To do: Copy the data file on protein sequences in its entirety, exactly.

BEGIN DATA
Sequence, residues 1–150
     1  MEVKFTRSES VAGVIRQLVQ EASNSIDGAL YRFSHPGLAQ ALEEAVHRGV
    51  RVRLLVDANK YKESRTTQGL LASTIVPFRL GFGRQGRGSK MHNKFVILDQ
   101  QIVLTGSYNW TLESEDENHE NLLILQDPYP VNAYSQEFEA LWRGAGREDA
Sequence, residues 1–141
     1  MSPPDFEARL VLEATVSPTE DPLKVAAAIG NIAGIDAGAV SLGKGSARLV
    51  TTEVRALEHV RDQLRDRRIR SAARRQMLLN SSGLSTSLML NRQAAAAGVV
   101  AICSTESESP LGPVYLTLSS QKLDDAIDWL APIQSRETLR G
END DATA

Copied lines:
Sequence, residues 1–150
     1  MEVKFTRSES VAGVIRQLVQ EASNSIDGAL YRFSHPGLAQ ALEEAVHRGV
    51  RVRLLVDANK YKESRTTQGL LASTIVPFRL GFGRQGRGSK MHNKFVILDQ
   101  QIVLTGSYNW TLESEDENHE NLLILQDPYP VNAYSQEFEA LWRGAGREDA
Sequence, residues 1–141
     1  MSPPDFEARL VLEATVSPTE DPLKVAAAIG NIAGIDAGAV SLGKGSARLV
    51  TTEVRALEHV RDQLRDRRIR SAARRQMLLN SSGLSTSLML NRQAAAAGVV
   101  AICSTESESP LGPVYLTLSS QKLDDAIDWL APIQSRETLR G